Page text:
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An Economist Looks at 90: Tom Sowell on Charter Schools and Their Enemies

interview with Thomas Sowellvia Uncommon Knowledge
Thursday, July 2, 2020

AUDIO ONLY

The day before this show was recorded, Dr. Thomas Sowell began his 10th decade of life. Remarkably on one hand and yet completely expected on the other, he remains as engaged, analytical, and thoughtful as ever. In this interview (one of roughly a dozen or so we’ve conducted with Dr. Sowell over the years), we delve into his new book Charter Schools and Their Enemies, a sobering look at the academic success of charter schools in New York City, and the fierce battles waged by teachers unions and progressive politicians to curtail them.

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Terry Moe: The Future Of Education Reform And Its Politics | Hoover Virtual Policy Briefing

interview with Terry M. Moevia Hoover Podcasts
Tuesday, June 23, 2020

Terry Moe Discusses The Future Of Education Reform And Its Politics.

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Eric Hanushek And Margaret Raymond: COVID-19 And Schools | Hoover Virtual Policy Briefing

interview with Eric Hanushek, Margaret (Macke) Raymondvia Hoover Podcasts
Thursday, May 14, 2020

AUDIO ONLY

Hoover Institution Fellows Eric Hanushek And Margaret Raymond discuss COVID-19 And Schools.

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Putting Aside Woke Things

by Frederick M. Hess, Chester E. Finn Jr.via Hoover Digest
Monday, April 20, 2020

Far too many schools place social justice ahead of learning. For the sake of students, we must reject this harmful revolution.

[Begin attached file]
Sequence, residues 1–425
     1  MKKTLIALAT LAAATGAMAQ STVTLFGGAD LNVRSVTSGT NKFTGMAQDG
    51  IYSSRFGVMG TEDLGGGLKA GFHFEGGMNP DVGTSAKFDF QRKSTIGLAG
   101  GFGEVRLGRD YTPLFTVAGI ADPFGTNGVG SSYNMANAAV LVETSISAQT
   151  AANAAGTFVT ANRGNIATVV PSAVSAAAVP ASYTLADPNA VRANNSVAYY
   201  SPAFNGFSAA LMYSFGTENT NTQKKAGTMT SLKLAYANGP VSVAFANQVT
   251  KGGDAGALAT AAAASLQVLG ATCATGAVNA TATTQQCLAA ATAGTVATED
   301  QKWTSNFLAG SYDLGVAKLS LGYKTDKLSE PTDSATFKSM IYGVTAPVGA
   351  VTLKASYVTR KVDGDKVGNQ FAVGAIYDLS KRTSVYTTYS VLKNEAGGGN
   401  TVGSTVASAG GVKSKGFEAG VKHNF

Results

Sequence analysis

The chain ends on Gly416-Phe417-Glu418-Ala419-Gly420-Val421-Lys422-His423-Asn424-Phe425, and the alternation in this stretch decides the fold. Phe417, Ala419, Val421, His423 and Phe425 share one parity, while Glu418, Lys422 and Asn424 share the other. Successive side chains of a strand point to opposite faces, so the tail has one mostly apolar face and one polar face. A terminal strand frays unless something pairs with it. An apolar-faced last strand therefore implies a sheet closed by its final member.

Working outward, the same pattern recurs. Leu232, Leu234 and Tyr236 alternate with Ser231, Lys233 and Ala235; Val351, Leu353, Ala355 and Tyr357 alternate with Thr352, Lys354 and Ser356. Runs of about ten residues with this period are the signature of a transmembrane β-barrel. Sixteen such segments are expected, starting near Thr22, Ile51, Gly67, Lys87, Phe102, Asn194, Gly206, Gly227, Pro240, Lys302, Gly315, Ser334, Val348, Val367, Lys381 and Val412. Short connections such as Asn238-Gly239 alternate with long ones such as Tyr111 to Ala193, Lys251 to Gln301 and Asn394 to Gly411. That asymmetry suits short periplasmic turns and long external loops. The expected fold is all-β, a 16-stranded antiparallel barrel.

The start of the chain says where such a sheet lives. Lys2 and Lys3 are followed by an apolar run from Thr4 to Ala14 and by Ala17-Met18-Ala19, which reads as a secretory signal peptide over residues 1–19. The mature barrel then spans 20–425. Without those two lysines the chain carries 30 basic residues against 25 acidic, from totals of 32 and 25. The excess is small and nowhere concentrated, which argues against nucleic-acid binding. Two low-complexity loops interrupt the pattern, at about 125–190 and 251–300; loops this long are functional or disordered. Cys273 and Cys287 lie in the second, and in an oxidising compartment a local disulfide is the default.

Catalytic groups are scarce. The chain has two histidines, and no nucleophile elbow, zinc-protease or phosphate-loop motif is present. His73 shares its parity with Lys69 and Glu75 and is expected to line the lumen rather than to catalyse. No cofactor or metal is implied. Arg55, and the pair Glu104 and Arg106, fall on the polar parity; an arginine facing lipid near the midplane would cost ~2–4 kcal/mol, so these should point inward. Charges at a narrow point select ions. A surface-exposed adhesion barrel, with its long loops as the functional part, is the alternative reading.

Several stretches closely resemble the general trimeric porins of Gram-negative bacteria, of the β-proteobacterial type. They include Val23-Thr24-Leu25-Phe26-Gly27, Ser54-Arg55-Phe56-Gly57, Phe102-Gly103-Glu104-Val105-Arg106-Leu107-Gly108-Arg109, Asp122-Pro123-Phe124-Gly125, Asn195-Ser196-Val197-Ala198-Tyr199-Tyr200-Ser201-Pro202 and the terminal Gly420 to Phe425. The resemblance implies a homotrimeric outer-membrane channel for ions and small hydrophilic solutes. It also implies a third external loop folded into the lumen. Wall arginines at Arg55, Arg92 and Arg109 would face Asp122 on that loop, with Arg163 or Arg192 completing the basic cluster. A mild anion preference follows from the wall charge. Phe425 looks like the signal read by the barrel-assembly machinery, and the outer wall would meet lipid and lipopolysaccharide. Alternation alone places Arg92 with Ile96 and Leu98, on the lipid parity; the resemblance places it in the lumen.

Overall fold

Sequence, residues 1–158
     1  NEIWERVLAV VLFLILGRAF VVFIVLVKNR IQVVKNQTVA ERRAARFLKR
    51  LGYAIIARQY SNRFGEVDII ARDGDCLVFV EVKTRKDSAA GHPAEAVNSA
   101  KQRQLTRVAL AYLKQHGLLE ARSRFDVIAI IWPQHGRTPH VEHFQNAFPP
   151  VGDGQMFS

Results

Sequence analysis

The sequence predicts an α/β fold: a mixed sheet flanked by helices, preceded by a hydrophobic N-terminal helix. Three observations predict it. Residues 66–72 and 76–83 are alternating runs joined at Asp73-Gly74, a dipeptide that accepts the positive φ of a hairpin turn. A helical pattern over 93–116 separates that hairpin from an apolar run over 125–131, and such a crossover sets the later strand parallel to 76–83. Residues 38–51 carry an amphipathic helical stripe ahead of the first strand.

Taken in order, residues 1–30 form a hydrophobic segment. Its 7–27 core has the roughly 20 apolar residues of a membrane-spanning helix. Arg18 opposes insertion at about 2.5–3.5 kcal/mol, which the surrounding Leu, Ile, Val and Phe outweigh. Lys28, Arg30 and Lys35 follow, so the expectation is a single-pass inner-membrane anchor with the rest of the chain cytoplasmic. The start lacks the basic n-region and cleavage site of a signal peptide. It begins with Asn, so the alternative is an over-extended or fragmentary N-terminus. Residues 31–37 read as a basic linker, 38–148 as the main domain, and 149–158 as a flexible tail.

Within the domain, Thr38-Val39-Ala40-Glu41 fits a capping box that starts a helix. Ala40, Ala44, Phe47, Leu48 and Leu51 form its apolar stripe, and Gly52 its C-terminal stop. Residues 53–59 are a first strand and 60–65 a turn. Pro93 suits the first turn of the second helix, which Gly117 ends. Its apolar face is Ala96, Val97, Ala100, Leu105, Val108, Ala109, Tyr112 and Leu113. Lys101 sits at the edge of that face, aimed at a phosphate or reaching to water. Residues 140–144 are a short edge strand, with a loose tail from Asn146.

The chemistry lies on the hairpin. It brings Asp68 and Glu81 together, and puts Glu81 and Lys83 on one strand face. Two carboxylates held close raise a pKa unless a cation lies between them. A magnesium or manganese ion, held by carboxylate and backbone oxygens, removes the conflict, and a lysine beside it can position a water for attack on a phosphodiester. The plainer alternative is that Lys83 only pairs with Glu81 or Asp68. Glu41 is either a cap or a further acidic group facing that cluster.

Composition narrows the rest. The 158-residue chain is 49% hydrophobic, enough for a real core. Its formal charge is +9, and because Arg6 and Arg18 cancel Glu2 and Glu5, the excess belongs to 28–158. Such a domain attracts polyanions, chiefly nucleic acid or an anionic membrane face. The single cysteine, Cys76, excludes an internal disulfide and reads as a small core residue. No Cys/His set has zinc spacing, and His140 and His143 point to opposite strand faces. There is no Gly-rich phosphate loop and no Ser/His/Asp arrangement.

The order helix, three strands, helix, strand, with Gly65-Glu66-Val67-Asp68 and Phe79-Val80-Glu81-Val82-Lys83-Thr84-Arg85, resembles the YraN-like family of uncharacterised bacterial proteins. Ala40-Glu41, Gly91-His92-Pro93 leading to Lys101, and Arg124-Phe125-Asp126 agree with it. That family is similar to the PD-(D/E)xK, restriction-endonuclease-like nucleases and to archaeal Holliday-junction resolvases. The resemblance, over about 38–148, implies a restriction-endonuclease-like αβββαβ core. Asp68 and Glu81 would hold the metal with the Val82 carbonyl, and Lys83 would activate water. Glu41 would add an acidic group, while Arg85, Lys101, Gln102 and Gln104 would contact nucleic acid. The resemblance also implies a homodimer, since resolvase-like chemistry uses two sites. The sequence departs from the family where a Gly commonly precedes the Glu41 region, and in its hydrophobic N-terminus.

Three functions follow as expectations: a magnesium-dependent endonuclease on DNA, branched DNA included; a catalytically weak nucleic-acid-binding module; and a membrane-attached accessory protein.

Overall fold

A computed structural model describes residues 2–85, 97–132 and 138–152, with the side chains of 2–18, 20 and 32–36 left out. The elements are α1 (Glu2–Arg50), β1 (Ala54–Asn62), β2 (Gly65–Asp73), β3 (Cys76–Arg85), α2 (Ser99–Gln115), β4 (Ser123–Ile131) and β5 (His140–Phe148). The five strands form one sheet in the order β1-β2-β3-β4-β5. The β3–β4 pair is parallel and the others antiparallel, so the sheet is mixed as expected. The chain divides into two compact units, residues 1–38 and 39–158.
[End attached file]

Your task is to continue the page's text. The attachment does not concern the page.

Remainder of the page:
Analysis and Commentary

Five Reasons Congress Should Not Block-Grant The Federal Charter Schools Program

by Michael J. Petrillivia Flypaper (Fordham Education Blog)
Wednesday, February 19, 2020

As a center-right think tank president, there are certain things I’m supposed to adore. Among them: donations from billionaires (yes), smoking a pipe (no), and turning prescriptive federal programs into block grants (hell yes!).

Diploma Dilemma
HESI Policy AnalysisFeatured

The Diploma Dilemma

by Margaret (Macke) Raymondvia Hoover Education Success Initiative | The Papers
Tuesday, February 11, 2020

How to realize the potential of today’s students and strengthen our country’s economic and social vitality in the decades to come.

News/ MediaFeatured

“The Integrity Of The High School Diploma Is At-Risk”—Hoover Education Success Initiative Releases Policy Briefing Exploring America’s “Diploma Dilemma”

Tuesday, February 11, 2020
Hoover Institution, Stanford University

With state legislative sessions in full swing across the country, the Hoover Education Success Initiative (HESI), a newly formed research program at Stanford University’s Hoover Institution, has released “The Diploma Dilemma”—a policy brief that details how high school graduation rates continue to rise even as overall academic and career skill attainment remain flat.

News
HESI Policy AnalysisFeatured

The Unavoidable: Tomorrow's Teacher Compensation

by Eric Hanushekvia Hoover Education Success Initiative | The Papers
Thursday, January 30, 2020

States and localities cannot avoid dealing with issues of teacher compensation. Not only is it the largest budget item for many local governments, but also it is the place of largest leverage for improving the quality of schools.

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An Imperfect Storm

by Daniel Disalvo featuring Terry M. Moevia Hoover Digest
Monday, January 20, 2020

Hoover fellow Terry Moe scrutinizes the creative destruction that Hurricane Katrina wrought, quite literally, on New Orleans’ schools. 

Analysis and Commentary

A Hypothesis: NCLB-Era Achievement Gains Stemmed Largely From Declining Child Poverty Rates

by Michael J. Petrillivia The Thomas B. Fordham Institute
Wednesday, July 10, 2019

It’s long been understood that, on average, there’s a strong relationship between a child’s socioeconomic status and his or her academic outcomes. It’s also the case that when poor families become less poor—either because of more “market income” or due to social programs like the Earned Income Tax Credit—their children tend to do better in school.

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Hoover Education Success Initiative (HESI)

CREDO at Stanford University